MC Julia — affine-invariant MCMC sampling in Julia
Julia Python
Switch branches/tags
Nothing to show
Fetching latest commit…
Cannot retrieve the latest commit at this time.
Permalink
Failed to load latest commit information.
examples
.gitignore
README.md
mcjulia.jl
plot_chains.py

README.md

MC Julia

MC Julia is an affine-invariant ensemble MCMC sampler, written in the Julia programming language. It implements a highly efficient MCMC algorithm by Goodman & Weare (2010), and is heavily inspired by the emcee Python package.

The algorithm is very efficient at sampling probability distributions which are highly skewed but more or less linearly correlated.

Usage

The algorithm is implemented through the Sampler type. It keeps track of the sampled function and some optional parameters, and stores the chain of samples and other sampling output.

See the examples directory for some example programs.

Constructors

Sampler(k, dim, f)

This is the minimal constructor for a new Sampler object. The parameter k gives the number of walkers in the ensemble, dim gives the dimension of the sampling space and f is the log-probability function. The number of walkers must be even and greater than twice the dimension.

The log-probability function must be defined to take the sampled position as an Array{Float64}, even when the sampling space is one-dimensional.

log_probability(X::Array{Float64}) = -(X[1] - X[2])^2 / 0.5 - (X[1] + X[2])^2 / 1.5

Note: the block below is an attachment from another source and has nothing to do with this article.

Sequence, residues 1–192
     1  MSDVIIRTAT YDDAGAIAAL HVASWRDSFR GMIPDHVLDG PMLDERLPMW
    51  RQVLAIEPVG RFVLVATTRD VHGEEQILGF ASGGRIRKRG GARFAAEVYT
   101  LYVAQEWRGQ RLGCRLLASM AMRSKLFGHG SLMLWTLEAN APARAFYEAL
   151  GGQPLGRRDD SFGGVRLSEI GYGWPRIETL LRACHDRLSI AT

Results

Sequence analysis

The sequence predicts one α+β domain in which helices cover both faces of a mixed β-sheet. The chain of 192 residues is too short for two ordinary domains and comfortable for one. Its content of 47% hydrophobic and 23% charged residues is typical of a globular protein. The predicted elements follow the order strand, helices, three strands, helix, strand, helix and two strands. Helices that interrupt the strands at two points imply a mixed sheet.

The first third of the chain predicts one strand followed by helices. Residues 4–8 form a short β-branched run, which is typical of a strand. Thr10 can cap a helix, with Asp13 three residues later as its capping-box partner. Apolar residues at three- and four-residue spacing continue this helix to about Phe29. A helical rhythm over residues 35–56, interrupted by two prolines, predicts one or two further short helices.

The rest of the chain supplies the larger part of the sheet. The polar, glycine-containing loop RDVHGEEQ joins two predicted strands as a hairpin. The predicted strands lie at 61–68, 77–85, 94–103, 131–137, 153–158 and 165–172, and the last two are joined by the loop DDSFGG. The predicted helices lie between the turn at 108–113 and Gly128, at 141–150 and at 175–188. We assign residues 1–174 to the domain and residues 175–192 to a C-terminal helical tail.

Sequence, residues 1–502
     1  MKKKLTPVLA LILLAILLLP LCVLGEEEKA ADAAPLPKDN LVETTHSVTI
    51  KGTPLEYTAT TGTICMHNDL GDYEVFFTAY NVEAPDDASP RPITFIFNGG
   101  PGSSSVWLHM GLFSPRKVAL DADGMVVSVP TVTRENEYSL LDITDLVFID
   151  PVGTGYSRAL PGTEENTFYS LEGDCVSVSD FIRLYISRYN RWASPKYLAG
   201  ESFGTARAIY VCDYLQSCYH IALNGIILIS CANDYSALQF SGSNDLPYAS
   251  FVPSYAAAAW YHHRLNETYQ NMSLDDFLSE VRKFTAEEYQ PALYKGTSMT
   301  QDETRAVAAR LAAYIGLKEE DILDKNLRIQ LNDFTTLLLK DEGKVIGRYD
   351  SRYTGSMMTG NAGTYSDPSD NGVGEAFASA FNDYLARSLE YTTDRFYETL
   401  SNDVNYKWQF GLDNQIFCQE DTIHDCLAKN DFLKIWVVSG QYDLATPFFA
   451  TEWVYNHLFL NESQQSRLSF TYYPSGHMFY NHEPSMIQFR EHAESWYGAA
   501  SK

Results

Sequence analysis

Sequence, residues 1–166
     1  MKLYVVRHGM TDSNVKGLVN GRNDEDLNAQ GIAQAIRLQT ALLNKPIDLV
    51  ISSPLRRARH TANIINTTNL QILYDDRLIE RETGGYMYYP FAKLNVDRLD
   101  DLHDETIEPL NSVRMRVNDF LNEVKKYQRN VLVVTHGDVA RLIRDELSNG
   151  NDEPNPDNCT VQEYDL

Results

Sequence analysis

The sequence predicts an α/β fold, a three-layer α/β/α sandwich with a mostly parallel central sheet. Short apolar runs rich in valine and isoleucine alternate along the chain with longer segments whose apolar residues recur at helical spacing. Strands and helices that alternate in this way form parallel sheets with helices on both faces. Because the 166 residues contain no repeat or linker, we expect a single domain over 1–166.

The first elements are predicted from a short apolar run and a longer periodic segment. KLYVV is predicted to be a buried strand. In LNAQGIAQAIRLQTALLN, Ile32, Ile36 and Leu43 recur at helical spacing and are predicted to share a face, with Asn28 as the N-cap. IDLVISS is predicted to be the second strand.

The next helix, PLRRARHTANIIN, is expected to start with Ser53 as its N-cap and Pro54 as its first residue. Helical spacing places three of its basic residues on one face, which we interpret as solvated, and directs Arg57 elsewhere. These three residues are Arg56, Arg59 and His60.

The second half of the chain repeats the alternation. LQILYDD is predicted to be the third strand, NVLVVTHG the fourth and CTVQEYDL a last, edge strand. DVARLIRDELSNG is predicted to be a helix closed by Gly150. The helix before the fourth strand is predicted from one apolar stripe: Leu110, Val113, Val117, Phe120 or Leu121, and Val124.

S = Sampler(50, 2, log_probability)

Sampler(k, dim, f, a, args)

Sampler(k, dim, f, args)

Sampler(k, dim, f, a)

It is also possible to give some additional parameters to the sampler. The scale parameter a::Float64 defines the stretch move scale (see Goodman & Weare, 2010). Its default value is 2.0, which is good for most cases, but tuning the parameter may give a performance increase in some situations. The parameter args is an arbitrary tuple which is passed to the log-probability function along with the position vector. The args tuple is expanded in the function call, so a tuple (a,b,c) will lead to a function call f(X, a, b, c).

The following is a simple example of constant parameters with a one-dimensional Gaussian:

log_probability(X::Array{Float64}, mu::Float64, sigma::Float64) = -(X[1] - mu)^2 / (2 * sigma^2)

args = (1.0, 0.5)
S = Sampler(50, 2, log_probability, args)

Functions

p = sample(S, p0, N, thin, storechain)

p = sample(S, p0, N, storechain)

p = sample(S, p0, N)

This function does the actual sampling. It takes as parameters a Sampler object S, an initial position p0, the number of samples N, the thinning factor thin and a boolean storechain.

The initial position p0 must be an Array{Float64, 2} with the shape (k, dim), and give the initial position in the dim-dimensional sampling space for each of the k walkers in the ensemble.

The Int64 parameter thin gives thinning factor, the interval by which the positions of the walkers are saved to S.chain. That is, with thin=10, the chain is updated once every ten samping steps.